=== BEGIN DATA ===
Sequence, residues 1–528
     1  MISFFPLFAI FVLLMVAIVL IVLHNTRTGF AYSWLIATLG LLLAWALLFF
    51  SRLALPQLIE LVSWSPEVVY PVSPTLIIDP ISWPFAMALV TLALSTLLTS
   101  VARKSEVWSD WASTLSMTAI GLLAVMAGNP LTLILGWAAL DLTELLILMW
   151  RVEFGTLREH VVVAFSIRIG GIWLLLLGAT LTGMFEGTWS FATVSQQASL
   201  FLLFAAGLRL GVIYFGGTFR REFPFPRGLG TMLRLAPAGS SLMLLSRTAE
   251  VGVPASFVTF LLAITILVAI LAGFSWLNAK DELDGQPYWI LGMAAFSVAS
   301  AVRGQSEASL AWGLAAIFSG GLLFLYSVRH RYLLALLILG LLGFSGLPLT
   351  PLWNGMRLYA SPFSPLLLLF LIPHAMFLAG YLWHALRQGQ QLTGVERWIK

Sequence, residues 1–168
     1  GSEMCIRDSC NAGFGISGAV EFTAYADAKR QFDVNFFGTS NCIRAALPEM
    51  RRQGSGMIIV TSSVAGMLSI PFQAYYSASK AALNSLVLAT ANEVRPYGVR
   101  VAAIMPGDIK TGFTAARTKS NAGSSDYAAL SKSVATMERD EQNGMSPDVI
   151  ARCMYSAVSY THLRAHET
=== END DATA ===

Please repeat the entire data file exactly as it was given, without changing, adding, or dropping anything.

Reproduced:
Sequence, residues 1–528
     1  MISFFPLFAI FVLLMVAIVL IVLHNTRTGF AYSWLIATLG LLLAWALLFF
    51  SRLALPQLIE LVSWSPEVVY PVSPTLIIDP ISWPFAMALV TLALSTLLTS
   101  VARKSEVWSD WASTLSMTAI GLLAVMAGNP LTLILGWAAL DLTELLILMW
   151  RVEFGTLREH VVVAFSIRIG GIWLLLLGAT LTGMFEGTWS FATVSQQASL
   201  FLLFAAGLRL GVIYFGGTFR REFPFPRGLG TMLRLAPAGS SLMLLSRTAE
   251  VGVPASFVTF LLAITILVAI LAGFSWLNAK DELDGQPYWI LGMAAFSVAS
   301  AVRGQSEASL AWGLAAIFSG GLLFLYSVRH RYLLALLILG LLGFSGLPLT
   351  PLWNGMRLYA SPFSPLLLLF LIPHAMFLAG YLWHALRQGQ QLTGVERWIK

Sequence, residues 1–168
     1  GSEMCIRDSC NAGFGISGAV EFTAYADAKR QFDVNFFGTS NCIRAALPEM
    51  RRQGSGMIIV TSSVAGMLSI PFQAYYSASK AALNSLVLAT ANEVRPYGVR
   101  VAAIMPGDIK TGFTAARTKS NAGSSDYAAL SKSVATMERD EQNGMSPDVI
   151  ARCMYSAVSY THLRAHET